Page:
Droppers come in all sizes, shapes, colors: painters, writers, architects, panhandlers, film-makers, unclassifiables. Each has its own individual endeavours and achievements. These perhaps tell what we are doing more than anything else. But they cannot be enumerated. They have to be seen, read, touched, heard. They speak for themselves. But we do all have this in common - whatever art we produce is not separated from our lives.
Droppers have painted the Ultimate Painting. A rotating infinite sphere, a circular geodesic structure loaded with spatial paradox, complete with strobatac. A painting to walk up the stairs into and lose your mind by. The Ultimate Painting was done by five Droppers, to make it five times better. The Ultimate Painting is for sale for $60.000.
The Droppers have printed a comic book called The Being Bag. We welcome the feds and postal inspectors who come to harangue us about its content. Our poet looks forward to the inspectors and their reading of his work.
Droppers make movies, black-and-white wind poems, flickering TV beauties with the subliminal delights of pulsating Coke ads, the crystal-molecular good sense of a dome going into time-lapse, and the grunting goodness of sex. We have two movies on Drop City for distribution.
The second week in June we held a Joy Festival. The First Annual Drop City Festival and Bacchanal Post Walpurgis and Pre-Equinox overflow and dropping. Over 300 people attended. It was a freakout in all media, 96 hours of continues mind-blow.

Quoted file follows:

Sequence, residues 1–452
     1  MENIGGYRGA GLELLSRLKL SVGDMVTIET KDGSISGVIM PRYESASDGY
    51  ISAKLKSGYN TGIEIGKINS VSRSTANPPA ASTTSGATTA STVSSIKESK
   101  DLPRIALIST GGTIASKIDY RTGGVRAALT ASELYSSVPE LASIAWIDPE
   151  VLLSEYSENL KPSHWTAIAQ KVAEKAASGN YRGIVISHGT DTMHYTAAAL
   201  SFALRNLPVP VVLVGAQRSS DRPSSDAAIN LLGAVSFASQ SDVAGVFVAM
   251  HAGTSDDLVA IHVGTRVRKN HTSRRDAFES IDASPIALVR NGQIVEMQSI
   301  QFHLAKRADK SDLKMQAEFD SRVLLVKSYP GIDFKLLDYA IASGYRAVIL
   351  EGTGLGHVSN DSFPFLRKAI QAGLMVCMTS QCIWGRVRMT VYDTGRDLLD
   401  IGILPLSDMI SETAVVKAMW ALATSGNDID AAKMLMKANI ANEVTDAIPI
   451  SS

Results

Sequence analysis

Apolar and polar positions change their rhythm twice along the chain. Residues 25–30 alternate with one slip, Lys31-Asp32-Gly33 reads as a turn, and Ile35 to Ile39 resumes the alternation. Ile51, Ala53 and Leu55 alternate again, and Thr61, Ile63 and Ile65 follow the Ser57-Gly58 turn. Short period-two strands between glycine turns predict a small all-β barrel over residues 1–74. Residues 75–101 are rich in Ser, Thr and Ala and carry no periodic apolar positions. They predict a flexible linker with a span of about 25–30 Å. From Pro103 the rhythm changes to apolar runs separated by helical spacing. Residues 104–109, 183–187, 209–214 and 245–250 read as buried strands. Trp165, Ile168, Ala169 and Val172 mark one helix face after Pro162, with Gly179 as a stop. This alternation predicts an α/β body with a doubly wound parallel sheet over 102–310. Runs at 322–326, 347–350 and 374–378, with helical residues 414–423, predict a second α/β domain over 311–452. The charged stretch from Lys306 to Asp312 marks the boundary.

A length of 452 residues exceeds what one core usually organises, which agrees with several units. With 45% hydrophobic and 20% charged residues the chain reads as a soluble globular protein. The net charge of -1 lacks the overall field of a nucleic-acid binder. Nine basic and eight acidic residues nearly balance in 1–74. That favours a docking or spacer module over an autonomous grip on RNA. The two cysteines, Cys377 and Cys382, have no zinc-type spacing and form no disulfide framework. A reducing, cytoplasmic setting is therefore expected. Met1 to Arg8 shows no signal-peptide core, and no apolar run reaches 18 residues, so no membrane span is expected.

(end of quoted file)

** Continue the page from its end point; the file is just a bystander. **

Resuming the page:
We want to use everything, new, junk, good, bad, we want to be able to make limitless things. We want videotape recorders and cameras. WE want computers and miles of color film and elaborate cine cameras and tape decks and amps and echo-chambers and everywhere. We want millionaire patrons. We need the most up-to-date equipment in the world to make our things. We want an atomic reactor.
Drop City the first attempt to use domes for housing a community. Buckminster Fuller gave us his 1966 Award for "poetically economic structural achievements." We hope to buy more land, build more Drop Cities all over the world, the universe. Free and open way stations for every and anyone. Living space and heat can be made available to all at a fraction of the present cost through application of advanced building techniques such as solar heated domes. Already Drop City is firmly established near Albuquerque, N.M.
Drop city is Home. It is a strange place. An incredible webbing of circumstance and chance, planning and accidents, smashed thumbs and car-tops. We are not responsible for what and where we are, we have only taken our place in space and light and time. We are only people who want love, food, warmth. We have no integrity. We borrow, copy,steal and and all ideas and things. We use everything. We take things, we make things, we give things.
Drop City is one of the more famous of the numerous back-to-the-land free communities that emerged from the middle 1960ties onwards throughout the US. I found it in "Notes from the New Underground", a 1968 anthology collecting several important texts and writers from that period. This text catches the feel of the time well I think, it also catches the childish inconsistency that is the first thing I normally associate with hippies. Simon Sadler has a good account (PDF-link).